A tear of the anterior cruciate ligament (ACL) is a common injury that occurs in athlete’s and can jeopardize an athlete’s athletic future. This is a devastating injury requiring many months of intense and painful rehabilitation and an interruption in sports participation. Post-operative rehabilitation can take 6-9 months, delaying return to sport and in some cases preventing return to prior intensity and skill level. ACL injuries can occur through contact, however, majority of these injuries occur through a non-contact mechanism. Female athletes have been reported to sustain non-contact ACL injuries at a rate of two- to eightfold greater than male athletes. Many explanations for the increased risk of injury to female athletes have been proposed, including increased knee valgus or abduction moments, generalized joint laxity, knee recurvatum, ACL size, and the hormonal effects of estrogen on the ACL.
Regardless of mechanism of injury, the number of ACL injuries that are occurring today continues to increase. It is estimated that 350,000 ACL reconstructions are performed annually in the United States. Despite surgical repair, 79% of those individuals develop knee osteoarthritis (OA) and 20% suffer re-injury within 2 years. One in four youths who suffer an ACL injury will suffer a second ACL injury in their athletic career. The increasing number of ACL injuries, risk of re-injury, and possible development of early-onset knee OA has put an increased emphasis on the need for prevention.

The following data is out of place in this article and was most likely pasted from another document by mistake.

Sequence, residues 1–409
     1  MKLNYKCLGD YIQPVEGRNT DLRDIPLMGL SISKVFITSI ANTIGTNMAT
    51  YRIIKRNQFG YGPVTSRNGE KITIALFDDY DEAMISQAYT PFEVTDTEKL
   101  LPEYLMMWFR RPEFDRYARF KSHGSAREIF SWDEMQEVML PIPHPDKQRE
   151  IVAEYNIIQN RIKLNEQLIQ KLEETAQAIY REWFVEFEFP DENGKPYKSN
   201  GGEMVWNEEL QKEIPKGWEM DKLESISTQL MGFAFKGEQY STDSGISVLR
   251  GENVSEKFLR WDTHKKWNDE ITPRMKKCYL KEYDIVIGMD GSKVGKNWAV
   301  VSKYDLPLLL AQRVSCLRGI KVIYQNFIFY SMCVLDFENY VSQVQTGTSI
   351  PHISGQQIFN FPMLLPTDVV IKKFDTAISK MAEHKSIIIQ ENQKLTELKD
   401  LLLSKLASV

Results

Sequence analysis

ACL injury prevention programs have been a focus of sports medicine research in the past two decades. Various ACL prevention programs have been designed in an attempt to correct deficiencies in athletes that increase their risk of injury. These programs include exercises that address muscle strengthening, muscle recruitment patterns, landing and deceleration patterns, proprioception, and plyometrics. Majority of these programs last about 20-30 minutes and are easy to incorporate into a practice setting. It is important to include an ACL injury prevention program in an athlete’s workout regimen due to the substantial evidence that supports the effectiveness of these programs. One study showed an ACL injury risk reduction of 52% in female athletes and 85% in male athletes with the incorporation of an ACL prevention program. There is promising evidence that these prevention programs work and will help to keep athletes on the field and out of the training room.